Many of today's most notable collections, such as the British Museum started off as wunderkammer, or cabinets of curiosities. These started in the 16th century are were somewhere between Ripley's Believe it or Not and the Smithsonian, eclectic collections of man-made and natural objects of wonder. These were either rooms or spectacular intricate cabinets.Today there are deliberate attempts to re-create the very particular feel of these collections, such as at the museum of Jurassic Technology in L.A, which combines the real and fake or the British Museum's Enlightenment Gallery.
Collectors are my favorite type of people, so when I started this list I missed the obvious by focusing on finding pictures of strange collections. It became clear that the most interesting images were where the collectors themselves were showing off what they collected. The items here range from what would be an unremarkable subject - stamps, were it not for the fact that the wold's top bond trader collects them to an army general's collection of tattooed, severed heads.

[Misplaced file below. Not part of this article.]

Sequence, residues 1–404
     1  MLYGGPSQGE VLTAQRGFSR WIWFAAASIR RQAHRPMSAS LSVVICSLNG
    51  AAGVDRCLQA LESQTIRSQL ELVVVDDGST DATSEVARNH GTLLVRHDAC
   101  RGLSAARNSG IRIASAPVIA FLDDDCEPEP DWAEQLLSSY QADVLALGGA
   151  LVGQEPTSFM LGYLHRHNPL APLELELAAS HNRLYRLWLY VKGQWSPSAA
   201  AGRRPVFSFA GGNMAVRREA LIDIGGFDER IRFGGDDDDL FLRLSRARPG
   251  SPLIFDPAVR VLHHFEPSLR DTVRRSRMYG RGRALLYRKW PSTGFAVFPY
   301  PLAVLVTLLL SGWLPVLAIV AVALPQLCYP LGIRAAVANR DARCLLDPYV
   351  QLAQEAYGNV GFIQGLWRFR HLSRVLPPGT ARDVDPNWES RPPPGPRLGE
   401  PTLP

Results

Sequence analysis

Following on from yesterdays gadget suitcases, here is a similar list but of different types of objects: oddities. Here is a list of suitcase kits of unusual or strange objects, from Duchamp's classic 'box in a suitcase', to a a working suitcase fireplace, an emergency crib, a Chinese sex shop and, our favorite, a suitcase with a hidden gyroscope, that is impossible to carry.
Ever since James Bond had tricked out briefcases as an accoutrement for his array of gadgets, the idea of a suitcase full of a kit of gizmos for a specific task is seductive; or morbidly curious, in the case of apocryphal suitcase nukes. The concept predates James Bond, with transmitter suitcases which were make for allied spies during WWII.
Historically, military rations, comprised, in significant part, of cigarettes and alcohol, while the quantity of food was far less than today. Current US army field rations are ready to eat and focus on high energy foods including caffeine-infused gum, they must cost less than $7.25 per meal, survive for 3 years at 27 degrees C and after a 100 foot drop.Civilian rations are often far less bountiful, such as WW2 food rations current Cuban rations or the tiny hunk of bread that Gulag prisoners were given. Vote for which items are most striking.
There is something inherently fascinating about survival kits. Here are some of our favorites, including those below ejector seats, some nicely designed kits from Japan and at Target, and those that we thought had interesting components. We will add to this list over time, send us suggestions of genuinely interesting or unusual, non-gimmick kits.